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"I don't really see it as a cliffhanger," Falk told The Hollywood Reporter during a set visit for the season finale. "That's not how we approached it. The first season ended with them deciding prematurely to move in together, which is a relationship rite of passage. The second rite is saying 'I love you,' which Jimmy and Gretchen did at the end of the second season. Third would be getting married. But I do think a step often for couples is things get really complicated and maybe you break up for a while or you circle back - or not, we don't know. But this has always been a show that's been very realistic about the complications and the difficulty of having a relationship, and so we didn't do this for any tactical purpose. We did this because it seemed like a really interesting and very human place to take them. We'll figure out in season four how that act affects them. It could be what you think, or it could be something else."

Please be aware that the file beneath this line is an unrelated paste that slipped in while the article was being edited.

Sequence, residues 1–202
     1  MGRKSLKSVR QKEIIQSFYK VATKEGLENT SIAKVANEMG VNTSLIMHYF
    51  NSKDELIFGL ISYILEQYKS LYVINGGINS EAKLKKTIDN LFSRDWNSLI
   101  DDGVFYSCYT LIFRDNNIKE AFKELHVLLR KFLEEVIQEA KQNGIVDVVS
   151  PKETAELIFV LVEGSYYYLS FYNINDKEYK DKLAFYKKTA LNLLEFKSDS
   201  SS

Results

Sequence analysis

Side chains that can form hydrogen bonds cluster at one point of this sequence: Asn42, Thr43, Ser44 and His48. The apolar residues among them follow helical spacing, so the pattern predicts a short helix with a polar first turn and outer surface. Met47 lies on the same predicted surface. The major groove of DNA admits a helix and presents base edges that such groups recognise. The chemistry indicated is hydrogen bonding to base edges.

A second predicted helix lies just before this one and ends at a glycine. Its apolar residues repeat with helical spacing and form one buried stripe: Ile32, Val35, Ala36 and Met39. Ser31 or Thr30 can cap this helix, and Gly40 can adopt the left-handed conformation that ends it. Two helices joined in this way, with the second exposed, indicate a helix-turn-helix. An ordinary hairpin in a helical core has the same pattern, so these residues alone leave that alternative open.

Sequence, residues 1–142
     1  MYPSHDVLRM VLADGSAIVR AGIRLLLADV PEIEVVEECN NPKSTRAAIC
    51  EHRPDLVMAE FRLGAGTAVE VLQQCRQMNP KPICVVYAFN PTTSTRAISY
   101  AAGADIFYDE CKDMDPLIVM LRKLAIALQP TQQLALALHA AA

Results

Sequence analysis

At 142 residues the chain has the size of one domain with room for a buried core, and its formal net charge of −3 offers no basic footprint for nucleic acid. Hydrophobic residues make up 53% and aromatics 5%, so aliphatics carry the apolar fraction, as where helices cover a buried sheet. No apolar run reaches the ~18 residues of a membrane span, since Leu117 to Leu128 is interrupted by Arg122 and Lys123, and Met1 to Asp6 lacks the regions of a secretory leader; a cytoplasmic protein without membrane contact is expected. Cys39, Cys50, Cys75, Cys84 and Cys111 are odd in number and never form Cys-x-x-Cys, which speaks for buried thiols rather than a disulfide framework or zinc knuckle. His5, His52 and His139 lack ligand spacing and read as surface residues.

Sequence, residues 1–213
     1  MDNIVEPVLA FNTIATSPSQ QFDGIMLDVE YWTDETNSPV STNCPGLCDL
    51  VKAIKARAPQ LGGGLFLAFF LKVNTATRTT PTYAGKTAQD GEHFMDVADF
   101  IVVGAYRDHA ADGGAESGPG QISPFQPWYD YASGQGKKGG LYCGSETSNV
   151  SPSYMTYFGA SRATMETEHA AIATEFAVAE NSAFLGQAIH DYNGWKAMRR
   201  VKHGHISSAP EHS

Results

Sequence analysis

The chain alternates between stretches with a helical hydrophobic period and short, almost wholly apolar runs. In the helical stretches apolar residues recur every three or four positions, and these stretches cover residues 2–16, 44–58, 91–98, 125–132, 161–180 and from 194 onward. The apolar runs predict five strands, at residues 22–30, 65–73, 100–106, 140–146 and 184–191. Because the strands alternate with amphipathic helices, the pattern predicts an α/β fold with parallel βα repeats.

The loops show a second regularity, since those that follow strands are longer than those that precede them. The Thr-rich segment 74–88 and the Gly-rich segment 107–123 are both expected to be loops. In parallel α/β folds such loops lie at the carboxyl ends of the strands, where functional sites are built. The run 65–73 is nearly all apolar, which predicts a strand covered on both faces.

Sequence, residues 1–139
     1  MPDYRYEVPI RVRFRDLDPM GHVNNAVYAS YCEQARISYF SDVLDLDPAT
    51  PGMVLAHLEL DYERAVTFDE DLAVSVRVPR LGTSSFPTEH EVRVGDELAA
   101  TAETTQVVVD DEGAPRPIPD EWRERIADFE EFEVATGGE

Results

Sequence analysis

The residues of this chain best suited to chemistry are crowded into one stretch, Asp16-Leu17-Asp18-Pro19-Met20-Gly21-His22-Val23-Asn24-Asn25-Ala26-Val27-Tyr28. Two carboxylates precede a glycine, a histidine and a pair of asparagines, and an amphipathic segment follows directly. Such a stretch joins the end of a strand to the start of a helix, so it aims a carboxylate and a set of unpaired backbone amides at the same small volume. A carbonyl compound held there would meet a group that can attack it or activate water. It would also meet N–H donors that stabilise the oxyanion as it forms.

The proposal comes after a season that featured Gretchen going to therapy for her clinical depression and the death of Jimmy's father, which affected the character more than he let on. It led Jimmy to re-examine everything in his life, including Gretchen and whether she was the right person for him. As he says in the finale, Gretchen doesn't fit the mold of the romantic partner he envisioned for himself. Worse: Jimmy was unwilling to take back his comments that he couldn't see having children with Gretchen, who retracts her fears that he won't be successful.